Gainsborough’s House in Sudbury, birthplace and home of the renowned artist Thomas Gainsborough, has received Heritage Lottery Fund support of £4.73 million.
The figure includes a development grant of £280,700, towards a £7.5 million project to transform the house into a national centre and one of the region’s leading heritage museum and galleries.
Mark Bills, director of Gainsborough’s House, said: “Drawing on the history of Gainsborough’s weaving family, we will tell for the first time the story of wool and silk weaving in Sudbury.
“By creating significant exhibition spaces and increasing the heritage offer, the project will attract more visitors, create financial resilience and promote the exploration of the surrounding landscape so inspirational to Gainsborough and Constable, whose family collection we will display.”
Gainsborough’s House is one of the few birthplace museums to feature the work of a single artist, and shows more of the artist’s work than any other gallery in the world.
Now, thanks to National Lottery players, the ‘Reviving an Artist’s Birthplace: A National Centre for Gainsborough’ project will enable staff at Gainsborough’s House to attempt to engage and inspire a larger and more diverse range of visitors.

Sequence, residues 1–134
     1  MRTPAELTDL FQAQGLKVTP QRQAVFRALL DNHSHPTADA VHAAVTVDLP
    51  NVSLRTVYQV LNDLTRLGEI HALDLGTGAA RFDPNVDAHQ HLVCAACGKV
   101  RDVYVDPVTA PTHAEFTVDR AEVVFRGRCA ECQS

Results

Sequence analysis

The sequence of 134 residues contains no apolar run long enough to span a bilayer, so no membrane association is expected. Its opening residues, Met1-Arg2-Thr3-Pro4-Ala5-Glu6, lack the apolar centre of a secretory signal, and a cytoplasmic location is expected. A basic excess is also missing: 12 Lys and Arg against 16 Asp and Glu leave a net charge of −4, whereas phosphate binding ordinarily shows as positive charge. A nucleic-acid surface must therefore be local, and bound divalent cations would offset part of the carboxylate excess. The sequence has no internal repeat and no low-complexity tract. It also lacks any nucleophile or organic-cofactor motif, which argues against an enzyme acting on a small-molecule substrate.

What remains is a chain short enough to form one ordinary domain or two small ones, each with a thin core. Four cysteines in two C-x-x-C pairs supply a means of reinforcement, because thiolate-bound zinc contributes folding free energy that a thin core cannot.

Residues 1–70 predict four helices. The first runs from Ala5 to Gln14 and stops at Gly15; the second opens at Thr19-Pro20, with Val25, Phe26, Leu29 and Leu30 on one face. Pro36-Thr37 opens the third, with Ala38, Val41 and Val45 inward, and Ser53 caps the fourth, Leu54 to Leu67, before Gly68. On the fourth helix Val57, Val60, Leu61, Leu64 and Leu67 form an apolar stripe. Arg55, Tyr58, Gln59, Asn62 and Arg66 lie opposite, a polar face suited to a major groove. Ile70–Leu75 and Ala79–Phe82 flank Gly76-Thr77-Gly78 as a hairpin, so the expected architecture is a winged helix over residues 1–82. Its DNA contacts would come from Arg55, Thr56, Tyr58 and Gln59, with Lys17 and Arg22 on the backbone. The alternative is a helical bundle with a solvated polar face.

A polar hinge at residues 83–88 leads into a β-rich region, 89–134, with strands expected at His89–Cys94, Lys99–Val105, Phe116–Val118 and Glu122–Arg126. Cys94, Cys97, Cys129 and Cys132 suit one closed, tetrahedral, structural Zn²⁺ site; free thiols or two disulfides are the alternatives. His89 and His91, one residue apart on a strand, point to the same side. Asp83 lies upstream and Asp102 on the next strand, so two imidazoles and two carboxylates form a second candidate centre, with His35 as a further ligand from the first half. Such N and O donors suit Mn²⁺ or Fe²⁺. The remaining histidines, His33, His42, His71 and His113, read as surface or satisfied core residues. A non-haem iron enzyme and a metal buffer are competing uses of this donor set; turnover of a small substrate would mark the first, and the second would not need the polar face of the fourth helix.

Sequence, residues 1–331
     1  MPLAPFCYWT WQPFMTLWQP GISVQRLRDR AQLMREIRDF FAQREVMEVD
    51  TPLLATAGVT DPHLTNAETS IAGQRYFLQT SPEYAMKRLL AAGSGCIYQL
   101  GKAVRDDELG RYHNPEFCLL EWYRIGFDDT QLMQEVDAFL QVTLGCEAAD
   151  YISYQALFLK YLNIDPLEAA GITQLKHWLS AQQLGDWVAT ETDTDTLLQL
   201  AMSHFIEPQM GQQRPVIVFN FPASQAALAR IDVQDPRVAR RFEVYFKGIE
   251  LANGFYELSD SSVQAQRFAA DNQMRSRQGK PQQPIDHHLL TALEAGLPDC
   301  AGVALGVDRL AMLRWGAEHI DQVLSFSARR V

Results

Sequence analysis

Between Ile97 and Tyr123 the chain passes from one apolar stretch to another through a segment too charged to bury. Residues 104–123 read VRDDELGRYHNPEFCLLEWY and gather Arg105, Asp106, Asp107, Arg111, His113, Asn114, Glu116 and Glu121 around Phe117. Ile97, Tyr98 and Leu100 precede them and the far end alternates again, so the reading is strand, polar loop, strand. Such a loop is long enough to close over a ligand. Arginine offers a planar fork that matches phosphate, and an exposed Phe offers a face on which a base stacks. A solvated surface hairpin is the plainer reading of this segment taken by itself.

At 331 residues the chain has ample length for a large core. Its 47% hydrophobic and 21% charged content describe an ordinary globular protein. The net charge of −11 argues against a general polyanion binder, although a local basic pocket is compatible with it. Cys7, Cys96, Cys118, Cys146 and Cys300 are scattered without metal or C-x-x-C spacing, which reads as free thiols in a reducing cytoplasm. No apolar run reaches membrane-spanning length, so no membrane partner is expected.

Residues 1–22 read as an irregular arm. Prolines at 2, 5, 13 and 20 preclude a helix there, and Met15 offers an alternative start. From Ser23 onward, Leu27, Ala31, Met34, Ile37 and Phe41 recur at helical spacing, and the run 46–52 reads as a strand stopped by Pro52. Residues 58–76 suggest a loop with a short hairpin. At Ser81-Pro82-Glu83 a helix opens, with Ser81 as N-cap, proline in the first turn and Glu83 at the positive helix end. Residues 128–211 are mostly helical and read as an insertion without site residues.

It is also believed the funding could secure the future of the museum, gallery and important heritage site and spearhead the regeneration of the town - the museum seen as a conerstone for the development of tourism in the town and surrounding area.
As well as safeguarding Gainsborough’s Grade I childhood home and garden; access to the most comprehensive collection of his art will be improved, while it will be able to display more works in a new showcase gallery and explore his life during his time in the house.
Television presenter, entrepreneur, writer and broadcaster Loyd Grossman CBE, FSA, who backed the bid for lottery funding, said: “I believe that Gainsborough’s House has great potential as a centre for the study of 18th century art, as an educational resource for children, as a resource for local artists – especially printmakers – and as a contributor to the tourist economy of Sudbury and Suffolk.”
Robyn Llewellyn, head of Heritage Lottery Fund East of England, added: “This project is a wonderful opportunity to share Gainsborough’s internationally significant art and history, alongside more local stories of his family and town industry of silk making, with so many more people.
“The project will create a major national cultural destination and it’s great to see the links with the wonderful surrounding landscape that inspired Gainsborough, as well as Constable.
“The way young people, volunteers and the local community are involved is particularly exciting.”